Hobby Help: Zenithal Priming with Rattle Cans

In the before times, I primed with whatever I had available. In my blissful ignorance, I simply thought a base coat of whatever would be fine. I never gave much thought as to what I was base coating with, simply that it was a vessel to allow me to paint.

While, yes, that’s all fine and good, and I’m not going say that’s strictly inferior, I’ve realized that there are more beneficial ways to prime. I started looking at the shade of what I wanted to paint, and going with how light I wanted the miniature I was painting to be.

Fast forward to about a year ago, when I finally decided to try zenithal priming. I had always thought that you needed to do it with an airbrush, which, while I have one and do use one on occasion, I would rather use a brush. I saw a great tutorial by Dana Howl that mentioned rattle can zenithal priming, and I haven’t looked back.

Make sure you use a flat primer. Citadel primers are fantastic, but, I also find Rust-oleum primers work very nicely as well.

First, what is zenithal priming? Zenithal priming is a way to base coat your model to help represent the way light naturally lands on real life objects. The light comes from the zenith, which, is where you get it’s name. You will need flat black, grey, and white primers.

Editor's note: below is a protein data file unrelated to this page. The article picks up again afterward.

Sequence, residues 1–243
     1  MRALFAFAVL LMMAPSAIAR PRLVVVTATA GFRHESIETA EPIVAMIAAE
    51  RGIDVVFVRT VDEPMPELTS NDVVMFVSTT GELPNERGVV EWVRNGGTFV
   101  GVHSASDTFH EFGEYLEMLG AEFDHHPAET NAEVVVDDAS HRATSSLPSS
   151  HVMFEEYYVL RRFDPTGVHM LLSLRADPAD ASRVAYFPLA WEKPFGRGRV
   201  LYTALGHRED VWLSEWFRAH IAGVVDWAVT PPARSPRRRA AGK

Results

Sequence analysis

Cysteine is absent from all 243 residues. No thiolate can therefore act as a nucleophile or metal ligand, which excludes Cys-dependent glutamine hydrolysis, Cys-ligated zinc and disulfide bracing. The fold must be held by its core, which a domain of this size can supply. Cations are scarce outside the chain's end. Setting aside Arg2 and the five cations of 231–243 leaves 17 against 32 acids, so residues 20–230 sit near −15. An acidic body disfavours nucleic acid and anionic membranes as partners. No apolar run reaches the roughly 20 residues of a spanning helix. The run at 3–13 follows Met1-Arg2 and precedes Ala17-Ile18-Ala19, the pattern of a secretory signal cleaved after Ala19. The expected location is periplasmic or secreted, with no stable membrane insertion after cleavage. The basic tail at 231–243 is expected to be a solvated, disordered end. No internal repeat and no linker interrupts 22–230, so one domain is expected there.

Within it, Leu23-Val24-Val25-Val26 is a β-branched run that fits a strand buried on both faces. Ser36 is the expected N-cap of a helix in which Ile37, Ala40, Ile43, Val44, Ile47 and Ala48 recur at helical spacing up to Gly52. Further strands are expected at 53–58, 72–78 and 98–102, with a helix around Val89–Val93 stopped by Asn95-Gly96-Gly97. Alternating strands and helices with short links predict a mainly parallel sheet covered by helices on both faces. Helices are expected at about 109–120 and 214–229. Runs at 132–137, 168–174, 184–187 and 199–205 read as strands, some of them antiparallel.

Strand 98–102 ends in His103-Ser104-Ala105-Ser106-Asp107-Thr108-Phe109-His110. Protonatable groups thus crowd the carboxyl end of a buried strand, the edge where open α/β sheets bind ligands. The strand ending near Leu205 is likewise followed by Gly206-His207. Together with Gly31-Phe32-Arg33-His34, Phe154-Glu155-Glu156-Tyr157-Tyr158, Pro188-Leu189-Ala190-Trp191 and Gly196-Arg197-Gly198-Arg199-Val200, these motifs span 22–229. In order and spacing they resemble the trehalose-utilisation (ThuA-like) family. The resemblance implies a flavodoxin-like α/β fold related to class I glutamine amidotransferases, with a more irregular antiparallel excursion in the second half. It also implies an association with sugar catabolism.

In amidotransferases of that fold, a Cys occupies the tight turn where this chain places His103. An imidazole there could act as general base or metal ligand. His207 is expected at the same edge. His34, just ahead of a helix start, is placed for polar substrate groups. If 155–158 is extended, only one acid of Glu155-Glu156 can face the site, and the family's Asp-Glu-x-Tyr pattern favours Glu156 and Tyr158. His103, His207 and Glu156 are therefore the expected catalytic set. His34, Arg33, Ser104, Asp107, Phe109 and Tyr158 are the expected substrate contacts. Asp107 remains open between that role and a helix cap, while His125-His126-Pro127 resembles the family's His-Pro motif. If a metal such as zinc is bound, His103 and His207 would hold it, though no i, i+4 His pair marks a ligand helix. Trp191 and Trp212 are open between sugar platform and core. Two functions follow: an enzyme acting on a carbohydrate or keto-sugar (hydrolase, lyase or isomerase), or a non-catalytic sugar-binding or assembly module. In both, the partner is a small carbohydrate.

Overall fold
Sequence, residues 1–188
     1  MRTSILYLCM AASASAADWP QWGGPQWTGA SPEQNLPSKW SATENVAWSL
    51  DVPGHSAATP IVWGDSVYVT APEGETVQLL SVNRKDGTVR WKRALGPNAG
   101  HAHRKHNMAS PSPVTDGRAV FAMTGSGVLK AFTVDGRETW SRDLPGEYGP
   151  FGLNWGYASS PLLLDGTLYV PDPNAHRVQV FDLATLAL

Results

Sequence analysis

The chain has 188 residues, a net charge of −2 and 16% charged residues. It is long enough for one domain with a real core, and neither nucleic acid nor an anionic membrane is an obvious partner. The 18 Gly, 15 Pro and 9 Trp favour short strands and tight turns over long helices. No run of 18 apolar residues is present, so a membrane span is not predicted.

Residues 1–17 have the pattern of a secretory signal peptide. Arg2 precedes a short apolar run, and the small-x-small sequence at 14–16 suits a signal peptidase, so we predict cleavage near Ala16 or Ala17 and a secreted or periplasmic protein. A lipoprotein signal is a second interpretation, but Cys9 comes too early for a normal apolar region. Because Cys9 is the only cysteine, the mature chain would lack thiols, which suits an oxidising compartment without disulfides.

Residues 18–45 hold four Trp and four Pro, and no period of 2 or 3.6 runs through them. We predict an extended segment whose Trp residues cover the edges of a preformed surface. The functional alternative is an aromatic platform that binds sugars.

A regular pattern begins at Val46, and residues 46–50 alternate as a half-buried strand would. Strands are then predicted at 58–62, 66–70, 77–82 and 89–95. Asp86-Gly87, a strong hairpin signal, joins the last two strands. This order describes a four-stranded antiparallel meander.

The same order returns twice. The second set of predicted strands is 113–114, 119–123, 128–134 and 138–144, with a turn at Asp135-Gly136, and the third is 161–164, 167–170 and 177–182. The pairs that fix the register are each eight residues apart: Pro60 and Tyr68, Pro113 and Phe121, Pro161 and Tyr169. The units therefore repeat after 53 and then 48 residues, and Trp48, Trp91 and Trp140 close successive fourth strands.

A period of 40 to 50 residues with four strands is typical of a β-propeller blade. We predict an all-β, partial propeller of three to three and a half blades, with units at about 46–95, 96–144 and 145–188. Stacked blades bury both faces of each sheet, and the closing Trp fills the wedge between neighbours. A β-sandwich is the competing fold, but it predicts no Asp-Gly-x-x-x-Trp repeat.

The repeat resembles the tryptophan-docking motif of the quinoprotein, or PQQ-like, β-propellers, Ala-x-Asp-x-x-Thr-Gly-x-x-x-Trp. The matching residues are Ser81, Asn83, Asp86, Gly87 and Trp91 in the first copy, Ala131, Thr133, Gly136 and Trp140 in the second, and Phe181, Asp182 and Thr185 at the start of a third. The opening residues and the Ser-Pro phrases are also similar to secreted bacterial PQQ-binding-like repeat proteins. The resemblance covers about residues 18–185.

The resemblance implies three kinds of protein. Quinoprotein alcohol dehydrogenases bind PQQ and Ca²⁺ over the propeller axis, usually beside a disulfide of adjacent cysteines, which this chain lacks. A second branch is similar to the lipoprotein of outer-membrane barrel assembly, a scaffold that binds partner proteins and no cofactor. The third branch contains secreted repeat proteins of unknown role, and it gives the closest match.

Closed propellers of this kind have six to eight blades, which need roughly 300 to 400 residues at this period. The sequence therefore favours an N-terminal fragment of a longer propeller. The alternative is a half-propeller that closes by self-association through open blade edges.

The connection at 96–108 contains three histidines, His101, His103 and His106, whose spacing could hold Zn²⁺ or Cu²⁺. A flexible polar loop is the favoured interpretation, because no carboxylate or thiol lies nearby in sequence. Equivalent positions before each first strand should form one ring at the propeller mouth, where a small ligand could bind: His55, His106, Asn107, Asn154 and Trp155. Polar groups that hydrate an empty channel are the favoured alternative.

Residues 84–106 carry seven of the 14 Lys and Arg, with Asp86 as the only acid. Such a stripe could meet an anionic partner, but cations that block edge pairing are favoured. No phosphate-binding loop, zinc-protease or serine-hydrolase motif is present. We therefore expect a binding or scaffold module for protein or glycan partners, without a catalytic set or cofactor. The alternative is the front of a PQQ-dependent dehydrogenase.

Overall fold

So, I have some Bloodborne miniatures that I’ve been itching to paint, and thought it would be a good time to help explain this process. First, spray the entire model black. Be sure to do multiple short bursts so that the the paint does not get too thick, as you’ll be doing multiple colors.

After that paint dries, you then do a priming layer of grey. You’ll want to focus this on the areas that the light shines on, but, not directly. If you’re looking at the miniature, and having the light source directly on top, you’ll want to aim for about a 45 degree angle around the top half of the model.

Lastly, comes the direct light source. Using the white primer, spray directly over the top of all of models. As the spray falls, it will land on all the areas that will be more directly hit by the natural light.

The end result should look something like this

Here’s a quick diagram I found, all credit goes to Board Game Quest. You can read their article here. They’ve got a lot of great info and I highly suggest following them.

Honestly, you can even use this method of priming for helping pick out highlights for when your painting. However, this method really shines for when you use glazes to paint over the minis. The dark and light areas will respectively shade and brighten where you primed.

In a future article, I’ll discuss how to do use glazes to achieve the most out of zenithal priming.

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